Paying for Performance: Key Design Features and the Bigger Picture

Paying for Performance: Key Design Features and the Bigger Picture

Padhraig Ryan
DOI: 10.4018/ijpphme.2012040101
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Deficiencies in quality arise in health systems around the world. A common yet largely unproven response is “pay for performance” (P4P), which links performance targets to financial rewards. Of particular note among P4P’s myriad problems, specifying challenging targets may demotivate low-performers and reward existing high-performers without significant improvement, and low targets are likely cost-ineffective. Trade-offs arise also in defining reward magnitude, as larger rewards may be powerful but more susceptible to adversely impacting unrewarded measures. Quality improvement should prioritize patient outcomes, but difficulties in attribution impede linking rewards to clinical outcomes. Superior performance requires a multifaceted approach that nurtures clinical and managerial skills, while fostering professionalism and pride in high quality care. Some providers have improved outcomes substantially without P4P incentives for clinicians, by emphasizing a collaborative leadership culture and evidence-based practice. Unless intimately entwined with such factors, P4P may flounder.
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1. Introduction

The problem of sub-optimal quality is common to health systems around the world (Fisher & Wennberg, 2003; Hussey et al., 2004; Wennberg, Fisher, Goodman, & Skinner, 2010). The clinical performance spectrum has been characterised as a bell curve, with a few providers delivering markedly sub-standard care, some others achieving markedly superior outcomes, and a large majority clustered around the median performance level (Gawande, 2007). In light of these deficiencies, health systems have pursued an array of quality improvement strategies.

The perceived key determinants of health system performance may vary according to one’s disciplinary perspective. On the one hand, clinicians are instilled with altruistic professional values and generally motivated to deliver high quality care, therefore the most important determinants of provider behaviour are ethics, professionalism, and clinical expertise. Yet tensions may exist between the ethical imperative to deliver high-quality care and the need to generate income, as clinician livelihoods and the viability of provider organisations depend on a steady income stream (Reinhardt, 2012). Accordingly an economic interpretation of care patterns is defensible, and the economic incentives instilled by provider payment mechanisms are recognised as another determinant of performance (Roberts, Hsiao, Berman, & Reich, 2004). Motivated in part by the modest impact of quality improvement initiatives such as public performance reporting (Ryan, 2011), much policy attention now focuses on the use of financial incentives to improve quality.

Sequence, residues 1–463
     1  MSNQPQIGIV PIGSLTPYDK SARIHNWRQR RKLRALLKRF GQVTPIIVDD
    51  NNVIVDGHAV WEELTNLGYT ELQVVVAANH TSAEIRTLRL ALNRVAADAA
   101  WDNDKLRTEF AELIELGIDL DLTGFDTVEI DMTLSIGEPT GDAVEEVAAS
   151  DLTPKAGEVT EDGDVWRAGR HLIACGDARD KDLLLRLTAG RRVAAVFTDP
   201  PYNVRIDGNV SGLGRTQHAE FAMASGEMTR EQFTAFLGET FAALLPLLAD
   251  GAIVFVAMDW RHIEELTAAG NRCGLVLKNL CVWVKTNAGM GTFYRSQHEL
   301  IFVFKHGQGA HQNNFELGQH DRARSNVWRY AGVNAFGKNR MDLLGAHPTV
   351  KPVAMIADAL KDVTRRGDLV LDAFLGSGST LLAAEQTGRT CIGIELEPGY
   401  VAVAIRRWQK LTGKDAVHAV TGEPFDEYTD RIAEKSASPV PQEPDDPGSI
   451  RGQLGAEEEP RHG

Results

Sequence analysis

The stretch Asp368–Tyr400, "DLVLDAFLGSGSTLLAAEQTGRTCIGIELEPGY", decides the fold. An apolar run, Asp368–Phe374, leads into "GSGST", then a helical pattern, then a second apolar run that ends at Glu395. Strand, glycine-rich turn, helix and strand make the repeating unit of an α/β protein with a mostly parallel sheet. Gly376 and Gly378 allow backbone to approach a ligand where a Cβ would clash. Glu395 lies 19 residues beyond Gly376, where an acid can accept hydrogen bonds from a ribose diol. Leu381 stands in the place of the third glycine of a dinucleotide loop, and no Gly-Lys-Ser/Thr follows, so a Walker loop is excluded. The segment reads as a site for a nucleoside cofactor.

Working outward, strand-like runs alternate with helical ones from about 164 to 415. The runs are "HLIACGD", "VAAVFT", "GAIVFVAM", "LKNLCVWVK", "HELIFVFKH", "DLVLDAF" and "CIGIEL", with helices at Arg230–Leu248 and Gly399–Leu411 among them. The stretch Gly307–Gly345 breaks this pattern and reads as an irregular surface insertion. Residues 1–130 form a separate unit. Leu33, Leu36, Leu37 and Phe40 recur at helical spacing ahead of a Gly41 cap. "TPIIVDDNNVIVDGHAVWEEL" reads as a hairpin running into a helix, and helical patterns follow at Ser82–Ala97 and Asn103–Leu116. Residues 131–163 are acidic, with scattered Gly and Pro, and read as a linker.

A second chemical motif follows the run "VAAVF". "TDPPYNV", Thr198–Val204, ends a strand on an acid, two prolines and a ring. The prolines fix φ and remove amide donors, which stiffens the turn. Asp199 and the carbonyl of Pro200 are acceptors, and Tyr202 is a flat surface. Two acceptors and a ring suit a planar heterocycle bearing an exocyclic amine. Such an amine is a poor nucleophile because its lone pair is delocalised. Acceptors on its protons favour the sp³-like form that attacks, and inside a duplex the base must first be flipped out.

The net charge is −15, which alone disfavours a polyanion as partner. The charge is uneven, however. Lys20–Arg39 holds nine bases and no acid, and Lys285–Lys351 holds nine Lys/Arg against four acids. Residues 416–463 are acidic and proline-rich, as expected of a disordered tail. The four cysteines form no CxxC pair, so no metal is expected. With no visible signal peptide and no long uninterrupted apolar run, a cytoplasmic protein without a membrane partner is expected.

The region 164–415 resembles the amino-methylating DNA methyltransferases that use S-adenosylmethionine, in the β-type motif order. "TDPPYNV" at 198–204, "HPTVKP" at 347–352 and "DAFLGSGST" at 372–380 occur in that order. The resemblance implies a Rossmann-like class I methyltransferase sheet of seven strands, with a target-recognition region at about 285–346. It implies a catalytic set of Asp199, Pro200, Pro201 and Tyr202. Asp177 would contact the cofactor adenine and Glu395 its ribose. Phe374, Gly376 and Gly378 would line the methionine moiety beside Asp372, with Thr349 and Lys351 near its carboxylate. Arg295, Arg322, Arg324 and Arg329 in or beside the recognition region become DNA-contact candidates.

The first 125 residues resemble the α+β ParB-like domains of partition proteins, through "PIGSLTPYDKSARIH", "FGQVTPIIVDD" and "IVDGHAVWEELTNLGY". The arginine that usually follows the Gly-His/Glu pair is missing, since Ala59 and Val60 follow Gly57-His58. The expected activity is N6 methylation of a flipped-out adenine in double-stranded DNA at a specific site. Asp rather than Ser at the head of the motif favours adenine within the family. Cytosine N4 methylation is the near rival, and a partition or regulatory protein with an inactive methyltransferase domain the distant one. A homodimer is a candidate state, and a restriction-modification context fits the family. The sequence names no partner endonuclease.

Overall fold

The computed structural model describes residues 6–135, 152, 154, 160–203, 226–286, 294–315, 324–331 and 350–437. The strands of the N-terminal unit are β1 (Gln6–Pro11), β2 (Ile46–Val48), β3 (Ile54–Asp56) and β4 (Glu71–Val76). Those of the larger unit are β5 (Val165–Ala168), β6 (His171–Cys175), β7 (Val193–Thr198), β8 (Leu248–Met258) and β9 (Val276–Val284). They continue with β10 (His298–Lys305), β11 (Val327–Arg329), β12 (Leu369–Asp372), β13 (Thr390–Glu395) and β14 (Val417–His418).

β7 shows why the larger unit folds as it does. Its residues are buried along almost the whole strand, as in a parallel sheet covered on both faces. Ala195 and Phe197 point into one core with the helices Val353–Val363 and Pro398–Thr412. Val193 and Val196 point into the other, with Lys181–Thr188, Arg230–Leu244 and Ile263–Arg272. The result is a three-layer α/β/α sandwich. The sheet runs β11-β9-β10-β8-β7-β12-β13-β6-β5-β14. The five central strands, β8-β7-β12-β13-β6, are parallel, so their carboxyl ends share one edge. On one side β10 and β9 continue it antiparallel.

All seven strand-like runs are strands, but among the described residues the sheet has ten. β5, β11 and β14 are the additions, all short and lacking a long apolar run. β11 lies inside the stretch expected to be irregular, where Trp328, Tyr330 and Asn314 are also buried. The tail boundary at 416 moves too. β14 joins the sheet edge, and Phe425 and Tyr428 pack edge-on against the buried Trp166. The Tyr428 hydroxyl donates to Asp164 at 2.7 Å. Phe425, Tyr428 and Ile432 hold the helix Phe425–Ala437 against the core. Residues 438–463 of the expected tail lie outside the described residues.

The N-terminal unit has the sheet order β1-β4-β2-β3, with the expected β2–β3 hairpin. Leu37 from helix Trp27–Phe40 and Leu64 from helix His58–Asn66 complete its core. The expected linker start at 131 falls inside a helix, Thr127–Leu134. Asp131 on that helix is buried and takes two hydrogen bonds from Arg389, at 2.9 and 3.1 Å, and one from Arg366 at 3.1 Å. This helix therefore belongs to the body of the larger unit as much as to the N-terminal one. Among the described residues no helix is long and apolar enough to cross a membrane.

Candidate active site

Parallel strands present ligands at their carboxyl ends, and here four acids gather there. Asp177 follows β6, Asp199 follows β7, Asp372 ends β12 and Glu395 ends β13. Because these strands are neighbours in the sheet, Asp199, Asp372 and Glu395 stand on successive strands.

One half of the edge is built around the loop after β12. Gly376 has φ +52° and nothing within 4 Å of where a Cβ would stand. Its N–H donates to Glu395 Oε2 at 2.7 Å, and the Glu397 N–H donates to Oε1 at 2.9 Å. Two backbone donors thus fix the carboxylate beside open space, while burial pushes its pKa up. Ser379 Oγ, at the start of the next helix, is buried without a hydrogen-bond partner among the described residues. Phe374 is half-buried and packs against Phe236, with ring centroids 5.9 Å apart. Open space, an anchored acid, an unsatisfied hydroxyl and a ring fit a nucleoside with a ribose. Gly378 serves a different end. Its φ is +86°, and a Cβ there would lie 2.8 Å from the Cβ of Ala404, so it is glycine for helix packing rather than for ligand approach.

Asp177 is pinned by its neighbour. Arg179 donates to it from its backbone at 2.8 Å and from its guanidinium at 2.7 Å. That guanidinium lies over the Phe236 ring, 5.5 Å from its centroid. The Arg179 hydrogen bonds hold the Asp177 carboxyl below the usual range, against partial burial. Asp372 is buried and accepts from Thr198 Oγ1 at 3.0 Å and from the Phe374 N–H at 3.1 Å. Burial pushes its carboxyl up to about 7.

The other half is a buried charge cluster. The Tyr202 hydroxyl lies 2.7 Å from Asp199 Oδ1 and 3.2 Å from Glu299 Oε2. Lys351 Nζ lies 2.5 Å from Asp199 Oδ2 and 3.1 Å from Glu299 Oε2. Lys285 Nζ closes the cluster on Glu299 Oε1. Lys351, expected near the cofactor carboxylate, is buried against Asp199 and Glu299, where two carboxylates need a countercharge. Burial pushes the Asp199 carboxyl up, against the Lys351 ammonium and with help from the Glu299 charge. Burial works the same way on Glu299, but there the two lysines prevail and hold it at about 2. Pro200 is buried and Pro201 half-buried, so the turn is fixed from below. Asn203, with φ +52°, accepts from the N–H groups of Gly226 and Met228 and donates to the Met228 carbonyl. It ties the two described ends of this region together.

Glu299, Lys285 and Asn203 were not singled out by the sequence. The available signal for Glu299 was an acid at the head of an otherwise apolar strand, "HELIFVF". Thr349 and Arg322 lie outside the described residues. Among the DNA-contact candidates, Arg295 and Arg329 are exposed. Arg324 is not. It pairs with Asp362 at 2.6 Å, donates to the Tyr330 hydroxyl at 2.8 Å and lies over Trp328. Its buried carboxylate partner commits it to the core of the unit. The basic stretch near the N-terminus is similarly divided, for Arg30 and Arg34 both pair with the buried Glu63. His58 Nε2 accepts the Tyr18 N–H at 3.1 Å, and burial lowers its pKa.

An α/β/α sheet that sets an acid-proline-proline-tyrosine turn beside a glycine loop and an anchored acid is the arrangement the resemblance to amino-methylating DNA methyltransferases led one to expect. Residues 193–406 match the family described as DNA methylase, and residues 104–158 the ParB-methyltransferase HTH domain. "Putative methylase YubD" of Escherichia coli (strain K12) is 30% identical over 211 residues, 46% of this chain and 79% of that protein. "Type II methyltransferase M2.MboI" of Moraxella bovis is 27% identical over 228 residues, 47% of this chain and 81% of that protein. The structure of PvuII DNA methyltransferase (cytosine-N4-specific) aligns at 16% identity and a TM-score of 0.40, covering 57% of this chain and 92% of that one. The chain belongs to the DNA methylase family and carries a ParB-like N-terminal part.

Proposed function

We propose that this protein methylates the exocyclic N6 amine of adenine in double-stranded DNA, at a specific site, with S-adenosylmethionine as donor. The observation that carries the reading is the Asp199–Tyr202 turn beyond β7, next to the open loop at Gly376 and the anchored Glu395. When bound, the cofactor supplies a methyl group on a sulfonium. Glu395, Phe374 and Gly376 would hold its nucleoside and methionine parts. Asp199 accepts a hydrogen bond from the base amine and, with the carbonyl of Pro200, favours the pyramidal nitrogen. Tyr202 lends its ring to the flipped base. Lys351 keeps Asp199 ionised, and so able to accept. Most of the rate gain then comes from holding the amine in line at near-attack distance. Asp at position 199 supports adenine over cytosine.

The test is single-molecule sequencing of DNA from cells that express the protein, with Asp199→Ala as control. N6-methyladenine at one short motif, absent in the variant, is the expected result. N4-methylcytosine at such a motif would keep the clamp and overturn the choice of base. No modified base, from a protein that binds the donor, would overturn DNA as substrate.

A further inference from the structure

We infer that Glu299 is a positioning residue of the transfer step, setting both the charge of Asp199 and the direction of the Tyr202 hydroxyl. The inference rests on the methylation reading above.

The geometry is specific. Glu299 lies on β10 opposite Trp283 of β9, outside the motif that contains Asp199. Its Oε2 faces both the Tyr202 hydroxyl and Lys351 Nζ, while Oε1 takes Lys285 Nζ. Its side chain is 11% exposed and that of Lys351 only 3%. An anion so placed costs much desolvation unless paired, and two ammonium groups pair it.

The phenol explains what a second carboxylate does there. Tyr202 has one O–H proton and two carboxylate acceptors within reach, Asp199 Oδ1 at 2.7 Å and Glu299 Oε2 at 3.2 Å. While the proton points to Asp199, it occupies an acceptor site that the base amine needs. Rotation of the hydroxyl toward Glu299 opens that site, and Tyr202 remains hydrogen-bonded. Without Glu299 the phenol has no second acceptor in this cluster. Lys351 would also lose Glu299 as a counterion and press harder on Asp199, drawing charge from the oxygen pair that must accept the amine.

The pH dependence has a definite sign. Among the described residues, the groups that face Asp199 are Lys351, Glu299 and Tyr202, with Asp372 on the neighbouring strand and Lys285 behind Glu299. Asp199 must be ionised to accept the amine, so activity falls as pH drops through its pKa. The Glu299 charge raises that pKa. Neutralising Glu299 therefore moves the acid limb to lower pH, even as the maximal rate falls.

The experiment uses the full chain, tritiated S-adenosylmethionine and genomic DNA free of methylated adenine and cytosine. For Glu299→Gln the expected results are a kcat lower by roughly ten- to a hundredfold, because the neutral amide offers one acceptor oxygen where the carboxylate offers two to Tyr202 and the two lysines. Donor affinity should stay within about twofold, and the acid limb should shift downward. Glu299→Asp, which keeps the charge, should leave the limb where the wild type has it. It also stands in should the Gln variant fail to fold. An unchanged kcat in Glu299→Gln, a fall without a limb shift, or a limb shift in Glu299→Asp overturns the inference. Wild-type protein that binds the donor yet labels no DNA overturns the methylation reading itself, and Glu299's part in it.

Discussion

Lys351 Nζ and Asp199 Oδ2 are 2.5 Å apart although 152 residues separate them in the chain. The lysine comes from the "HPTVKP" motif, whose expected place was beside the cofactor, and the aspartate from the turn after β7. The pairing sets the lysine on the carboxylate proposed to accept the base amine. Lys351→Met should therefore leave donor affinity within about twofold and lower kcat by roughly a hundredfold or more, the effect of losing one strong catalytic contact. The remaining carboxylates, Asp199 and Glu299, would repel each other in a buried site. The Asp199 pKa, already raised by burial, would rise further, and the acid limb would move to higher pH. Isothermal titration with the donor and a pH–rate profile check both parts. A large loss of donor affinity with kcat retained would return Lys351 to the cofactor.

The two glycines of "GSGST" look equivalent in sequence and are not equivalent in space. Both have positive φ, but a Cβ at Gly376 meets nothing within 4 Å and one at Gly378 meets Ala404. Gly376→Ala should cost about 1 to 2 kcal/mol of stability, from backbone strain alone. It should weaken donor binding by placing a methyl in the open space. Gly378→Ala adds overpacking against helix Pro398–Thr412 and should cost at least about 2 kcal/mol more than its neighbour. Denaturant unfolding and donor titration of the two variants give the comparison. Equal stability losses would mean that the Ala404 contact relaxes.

Pay-for-performance (P4P) is a prominent tactic for quality improvement that modulates provider income in line with measured performance on specified indicators. Ideally, this sharpens incentives for high quality and compensates providers for the cost of investing in quality improvement. P4P can enjoy broad stakeholder support among payers, consumer groups, and political actors (Tanenbaum, 2009). Its popularity has grown, and a 2006 survey found that 126 out of 252 commercial HMOs in the United States (USA) were incorporating P4P into provider payment mechanisms (Rosenthal, Landon, Normand, Frank, & Epstein, 2006), while substantial investment in P4P is directed to low- and middle-income countries through the World Bank (Morgan, 2009).

But despite this burgeoning popularity, the evidence base for P4P’s clinical and cost-effectiveness is scant (Mullen, Frank, & Rosenthal, 2010; Van Herck et al., 2010; Scott et al., 2011). I briefly examine this evidence base before proceeding to the main focus of the paper, an analysis of P4P’s key design features. This literature review draws on four databases: PubMed, Embase, Google Scholar, and the Cochrane Library, until September 2012. Search terms included combinations of “pay for performance”, “financial incentives”, “quality and outcomes framework”, “performance based payment”, “health care”, and quality.

Relatively few P4P programmes have been robustly evaluated, and evaluations often uncovered no evidence of benefits. Some studies have found negative effects on the incentivized performance measures, implying performance inferior to a comparator group rather than deterioration in quality. In addition, valid inferences are often elusive due to the concurrent implementation of other quality improvement strategies (Mullen et al., 2010). A systematic review of P4P’s effects in low- and middle-income settings uncovered only nine studies, including non-randomized trials and interrupted time series studies. Results were mixed and interpretation difficult due to the high risk of bias (Witter, Fretheim, Kessey, & Lindahl, 2012).

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